Viral tracing reveals molecule responsible for adult-born neuron signaling
A common theme that underlies neurological, neurodegenerative or neuropsychiatric diseases and brain or spinal cord injuries is that the affected neurons are dysfunctional or dead. Therefore, to restore normal function, researchers have been using stem cell therapies to form new neurons. However, ensuring long-term survival and proper connectivity of newborn neurons in vivo, or in mouse models,is very challenging. This is especially true in adults since only two brain regions are known to possess some regenerative potential and very little is known about the mechanisms that control those processes.
Researchers at Baylor College of Medicine and the Jan and Dan Duncan Neurological Research Institute at Texas Children's Hospital (NRI) have now identified a novel role for a soluble neuropeptide (small protein-like molecules used by neurons for communication), Corticotrophin Release Hormone (CRH), in the survival and integration of adult-born neurons in the mouse brain.
The findings appear in the current edition of Developmental Cell.
"We have hit a point in the research where we can generate and isolate neural stem cells from other somatic cell lineages, and we are making rapid strides in understanding how to differentiate them to excitatory or inhibitory neural subtypes. But the key to future therapies is to learn how neurons are wired up, make appropriate synapses (junctions between neurons) and to understand the signals that guide these synapses to be made, broken or maintained," said NRI researcher and corresponding author of this study Dr. Benjamin Arenkiel, who is also an assistant professor in the departments of Molecular Human Genetics and Neuroscience at Baylor and a McNair Scholar.
Arenkiel's team used a relatively new technique to trace functional connections between neurons. They selectively injected adult-born neurons in the olfactory bulb with a modified, non-infectious form of the rabies virus. This recombinant form of rabies virus is capable of jumping between infected cells and their immediate presynaptic partner cells. Using this and other techniques, researchers made the novel observation that adult-born neurons received extensive inputs from a specific group of CRH-releasing local interneurons that acts as a guidance/value cue, which ensures that newly formed neurons are connected to their appropriate neighboring neuron(s).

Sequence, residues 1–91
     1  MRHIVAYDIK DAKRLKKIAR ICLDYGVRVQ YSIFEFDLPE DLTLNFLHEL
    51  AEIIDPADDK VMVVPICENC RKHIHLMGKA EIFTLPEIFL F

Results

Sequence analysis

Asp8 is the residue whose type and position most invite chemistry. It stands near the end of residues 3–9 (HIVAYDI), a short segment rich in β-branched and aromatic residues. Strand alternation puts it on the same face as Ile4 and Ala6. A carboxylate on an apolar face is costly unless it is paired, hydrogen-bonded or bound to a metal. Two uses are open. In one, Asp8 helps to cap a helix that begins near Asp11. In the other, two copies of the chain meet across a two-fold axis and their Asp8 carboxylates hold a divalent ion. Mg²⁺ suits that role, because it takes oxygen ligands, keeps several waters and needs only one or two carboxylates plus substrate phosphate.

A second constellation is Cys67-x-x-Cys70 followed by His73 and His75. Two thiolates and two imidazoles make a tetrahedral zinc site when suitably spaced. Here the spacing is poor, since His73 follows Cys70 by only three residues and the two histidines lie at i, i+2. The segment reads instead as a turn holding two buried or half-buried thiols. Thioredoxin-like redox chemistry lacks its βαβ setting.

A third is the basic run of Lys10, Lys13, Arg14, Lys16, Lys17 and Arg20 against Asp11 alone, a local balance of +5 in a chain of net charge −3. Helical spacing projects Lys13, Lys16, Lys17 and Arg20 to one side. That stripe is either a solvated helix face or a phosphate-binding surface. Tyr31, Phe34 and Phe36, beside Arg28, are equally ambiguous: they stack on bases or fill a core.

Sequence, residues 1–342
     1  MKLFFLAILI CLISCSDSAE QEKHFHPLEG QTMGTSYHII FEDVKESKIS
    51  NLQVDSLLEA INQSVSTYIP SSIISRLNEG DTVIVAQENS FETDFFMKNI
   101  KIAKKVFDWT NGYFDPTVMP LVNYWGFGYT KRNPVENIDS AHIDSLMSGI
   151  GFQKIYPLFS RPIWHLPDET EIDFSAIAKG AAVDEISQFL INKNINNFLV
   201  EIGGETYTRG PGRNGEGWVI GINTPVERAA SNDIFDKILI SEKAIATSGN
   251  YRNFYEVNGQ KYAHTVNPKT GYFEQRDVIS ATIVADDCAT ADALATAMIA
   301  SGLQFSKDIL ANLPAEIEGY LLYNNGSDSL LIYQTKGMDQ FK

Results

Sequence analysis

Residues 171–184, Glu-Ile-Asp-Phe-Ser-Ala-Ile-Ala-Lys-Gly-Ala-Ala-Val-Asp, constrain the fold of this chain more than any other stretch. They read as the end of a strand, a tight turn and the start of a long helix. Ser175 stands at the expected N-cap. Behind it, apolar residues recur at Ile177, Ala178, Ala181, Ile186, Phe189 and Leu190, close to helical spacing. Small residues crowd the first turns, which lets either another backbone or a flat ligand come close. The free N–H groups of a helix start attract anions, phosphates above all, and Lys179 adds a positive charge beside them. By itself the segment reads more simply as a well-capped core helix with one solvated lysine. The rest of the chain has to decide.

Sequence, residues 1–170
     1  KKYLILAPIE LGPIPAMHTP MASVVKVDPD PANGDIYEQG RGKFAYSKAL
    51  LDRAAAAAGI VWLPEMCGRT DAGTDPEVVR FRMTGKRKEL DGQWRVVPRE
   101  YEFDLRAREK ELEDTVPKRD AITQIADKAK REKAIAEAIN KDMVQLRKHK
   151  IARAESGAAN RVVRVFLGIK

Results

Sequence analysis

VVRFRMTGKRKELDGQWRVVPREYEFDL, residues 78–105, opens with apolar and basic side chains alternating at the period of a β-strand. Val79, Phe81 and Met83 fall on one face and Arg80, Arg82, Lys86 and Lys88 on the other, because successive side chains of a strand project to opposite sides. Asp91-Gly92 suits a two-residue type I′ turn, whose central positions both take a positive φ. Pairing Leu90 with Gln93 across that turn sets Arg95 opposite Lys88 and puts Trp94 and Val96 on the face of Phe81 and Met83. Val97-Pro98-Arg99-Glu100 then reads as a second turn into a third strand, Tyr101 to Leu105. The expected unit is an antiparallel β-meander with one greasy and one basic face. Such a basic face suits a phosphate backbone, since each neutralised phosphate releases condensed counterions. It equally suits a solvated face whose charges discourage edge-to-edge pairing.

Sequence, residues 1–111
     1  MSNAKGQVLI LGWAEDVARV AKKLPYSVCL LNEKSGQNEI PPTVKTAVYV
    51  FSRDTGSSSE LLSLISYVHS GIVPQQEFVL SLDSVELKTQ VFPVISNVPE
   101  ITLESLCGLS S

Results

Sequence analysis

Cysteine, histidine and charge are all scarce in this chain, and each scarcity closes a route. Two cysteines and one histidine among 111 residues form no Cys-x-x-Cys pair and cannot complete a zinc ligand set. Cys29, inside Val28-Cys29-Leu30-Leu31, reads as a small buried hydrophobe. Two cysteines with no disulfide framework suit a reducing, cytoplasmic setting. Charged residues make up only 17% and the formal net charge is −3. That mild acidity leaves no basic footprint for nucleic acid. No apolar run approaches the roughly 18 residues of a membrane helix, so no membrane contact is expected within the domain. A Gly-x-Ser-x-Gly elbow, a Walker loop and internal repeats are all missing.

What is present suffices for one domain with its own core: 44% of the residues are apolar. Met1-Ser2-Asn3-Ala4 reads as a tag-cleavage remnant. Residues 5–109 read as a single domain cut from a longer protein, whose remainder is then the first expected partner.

This is the first time that local neuropeptide signaling has been shown to be important in the integration of adult-born neurons in a pre-existing neuronal circuit.
"This study suggests that if we could find ways to regulate CRH signaling, we would be one step closer to repairing defective or injured neurons. It also provides us a molecular handle to ensure the survival and proper integration of neurons using stem cell therapies," said Isabella Garcia, MD/PhD, Programin Developmental Biology.
"Moreover, cutting-edge technologies used in this study provide a path for future exploration and potential manipulation of other neuropeptide signaling pathways either individually or in a combinatorial manner to repair adult neuronal circuitry," Arenkiel added.
Others who took part in this study include: Kathleen Quast, Longwen Huang, Alexander Herman, Jennifer Selever and Jan Deussing, Max Planck Institute of Psychiatry; and Nicholas Justice, University of Texas Health Science Center at Houston.
Funding for this work comes from the McNair Foundation and the National Institutes of Neurological Disorders and Stroke at the NIH (R01NS078294) to Arenkiel and (F31NS081805) to Garcia.
About Texas Children’s Hospital
Texas Children’s Hospital, a not-for-profit health care organization, is committed to creating a healthier future for children and women throughout the global community by leading in patient care, education and research. Consistently ranked as the best children’s hospital in Texas, and among the top in the nation, Texas Children’s has garnered widespread recognition for its expertise and breakthroughs in pediatric and women’s health. The hospital includes the Jan and Dan Duncan Neurological Research Institute; the Feigin Center for pediatric research; Texas Children’s Pavilion for Women, a comprehensive obstetrics/gynecology facility focusing on high-risk births; Texas Children’s Hospital West Campus, a community hospital in suburban West Houston; and Texas Children’s Hospital The Woodlands, a second community hospital planned to open in 2017. The organization also created the nation’s first HMO for children, has the largest pediatric primary care network in the country and a global health program that’s channeling care to children and women all over the world. Texas Children’s Hospital is affiliated with Baylor College of Medicine. For more information, go to www.texaschildrens.org. Get the latest news by visiting the online newsroom and Twitter at twitter.com/texaschildrens.